Why I’m Glad My Smartphone Got Stolen

We were at the beach when our cabana got broken into.

iPhone, Macbook, wallet. All gone. They even cracked the safe.

The sunset was nice, though.

The Challenge

After my phone got stolen in Costa Rica, I made the decision to not replace it for 30 days. I like doing little monthly challenges like this. They make me uncomfortable.

It’s been 46 days so far. Still no phone.

Is something wrong? No.

Did I go broke? No.

Do I think it makes me look cool? Maybe a little bit. But that’s not the real reason.

The Reason

Here’s why I haven’t replaced my phone yet: freedom.

Technology doesn’t run my life anymore. Not that I was ever a total addict. I just got used to being connected all the time.

I can still use my computer for most things when I’m at home. But when I’m out during the day, I have nothing to bring with me.

This has had three significant side-effects…

  1. I have to be more intentional. Before, I could just use Google Maps when I wanted to go somewhere new. Now I have to write down directions. Sometimes I get lost, and that leads to new adventures.
  2. I have to experience blank space. Since I don’t have a computer in my pocket anymore, I can’t pack every single second of my day with shit. No email, no Facebook, nothing. It's actually made me more productive on the whole.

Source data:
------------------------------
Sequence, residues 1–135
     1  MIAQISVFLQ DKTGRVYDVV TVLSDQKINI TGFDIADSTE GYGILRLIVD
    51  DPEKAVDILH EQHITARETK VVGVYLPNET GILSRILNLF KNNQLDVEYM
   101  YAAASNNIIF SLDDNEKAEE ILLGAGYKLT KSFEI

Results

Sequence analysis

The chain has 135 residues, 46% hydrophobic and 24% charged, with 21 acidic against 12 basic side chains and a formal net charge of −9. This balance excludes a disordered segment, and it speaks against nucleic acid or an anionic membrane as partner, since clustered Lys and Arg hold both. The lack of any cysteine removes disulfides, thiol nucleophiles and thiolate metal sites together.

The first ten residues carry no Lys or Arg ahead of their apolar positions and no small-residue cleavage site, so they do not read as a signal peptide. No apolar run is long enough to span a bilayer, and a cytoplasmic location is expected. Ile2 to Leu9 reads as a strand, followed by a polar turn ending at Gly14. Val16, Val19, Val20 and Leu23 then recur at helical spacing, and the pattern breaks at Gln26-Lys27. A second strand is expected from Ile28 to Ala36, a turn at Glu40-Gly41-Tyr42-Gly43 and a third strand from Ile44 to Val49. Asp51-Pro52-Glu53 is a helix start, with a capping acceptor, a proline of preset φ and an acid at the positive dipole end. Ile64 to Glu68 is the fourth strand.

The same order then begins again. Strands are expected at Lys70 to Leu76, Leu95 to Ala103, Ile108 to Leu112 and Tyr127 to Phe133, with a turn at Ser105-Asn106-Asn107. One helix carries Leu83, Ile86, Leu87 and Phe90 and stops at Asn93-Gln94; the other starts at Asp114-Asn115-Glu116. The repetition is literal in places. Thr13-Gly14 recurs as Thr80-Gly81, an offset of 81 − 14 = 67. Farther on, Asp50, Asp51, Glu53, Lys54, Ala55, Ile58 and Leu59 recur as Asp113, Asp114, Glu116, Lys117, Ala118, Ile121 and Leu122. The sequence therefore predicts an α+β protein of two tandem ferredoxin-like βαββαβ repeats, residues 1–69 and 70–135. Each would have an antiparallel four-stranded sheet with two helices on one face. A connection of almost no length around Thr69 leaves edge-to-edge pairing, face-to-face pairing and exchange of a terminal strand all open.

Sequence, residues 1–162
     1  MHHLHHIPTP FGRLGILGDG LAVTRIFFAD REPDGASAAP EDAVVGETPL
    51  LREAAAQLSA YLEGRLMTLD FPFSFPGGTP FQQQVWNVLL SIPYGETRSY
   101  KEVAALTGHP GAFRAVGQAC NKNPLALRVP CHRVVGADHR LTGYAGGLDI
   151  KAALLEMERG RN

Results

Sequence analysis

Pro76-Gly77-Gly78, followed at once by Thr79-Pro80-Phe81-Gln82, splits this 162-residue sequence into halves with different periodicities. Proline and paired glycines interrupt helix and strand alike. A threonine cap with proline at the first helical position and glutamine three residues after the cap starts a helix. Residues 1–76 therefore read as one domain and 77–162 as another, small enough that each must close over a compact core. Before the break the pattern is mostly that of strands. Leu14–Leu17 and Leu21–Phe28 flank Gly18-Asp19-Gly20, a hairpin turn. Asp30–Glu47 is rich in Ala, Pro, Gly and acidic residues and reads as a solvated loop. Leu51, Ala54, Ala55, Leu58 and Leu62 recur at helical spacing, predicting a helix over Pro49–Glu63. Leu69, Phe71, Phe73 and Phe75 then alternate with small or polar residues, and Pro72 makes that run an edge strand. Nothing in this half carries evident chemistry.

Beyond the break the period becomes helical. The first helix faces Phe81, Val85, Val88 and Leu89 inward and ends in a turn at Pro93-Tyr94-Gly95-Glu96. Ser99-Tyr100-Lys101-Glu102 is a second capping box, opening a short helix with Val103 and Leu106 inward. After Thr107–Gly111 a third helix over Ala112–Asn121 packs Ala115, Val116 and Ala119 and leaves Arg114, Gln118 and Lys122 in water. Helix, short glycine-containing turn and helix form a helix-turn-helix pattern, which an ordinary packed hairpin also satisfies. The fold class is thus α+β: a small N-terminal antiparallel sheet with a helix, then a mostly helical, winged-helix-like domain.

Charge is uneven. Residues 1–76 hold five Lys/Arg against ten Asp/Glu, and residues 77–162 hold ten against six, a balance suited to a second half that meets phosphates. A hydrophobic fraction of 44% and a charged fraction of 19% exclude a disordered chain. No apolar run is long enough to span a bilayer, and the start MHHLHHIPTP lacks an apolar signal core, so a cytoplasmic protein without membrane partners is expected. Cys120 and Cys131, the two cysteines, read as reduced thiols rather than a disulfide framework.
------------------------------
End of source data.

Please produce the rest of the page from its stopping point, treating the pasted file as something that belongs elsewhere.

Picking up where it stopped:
3. I have to be more present. It’s pretty unbelievable what you can see when you don’t have your head down all the time. You start to realize how much is happening around you.

My phone used to be the fuel for my Creative Avoidance. Without one, I’ve been forced to slow down. It’s easier now to determine what’s really important.

The Takeaway

I used to give meaning to my phone. If I misplaced it, my heart sank. It felt like a part of me.

When the iPhone 6 came out, I waited in line to get it. I’m embarrassed to admit that. I guess I just wanted the experience of being first.

I’ll probably get another phone eventually. Verizon will only let me suspend my contract for a few months. But when I do get a new phone, it will be on my terms.

You don’t have to get your valuables stolen like I did to experience this. All you have to do is spend one day without a phone. You’ll be amazed at what you notice.

Who’s really in control? You or your phone?

(Photo credit: Esther Vargas via cc)

Greg Faxon

Greg Faxon, 2829 Connecticut Avenue NW (Apt 513), Washington, DC 20008, United States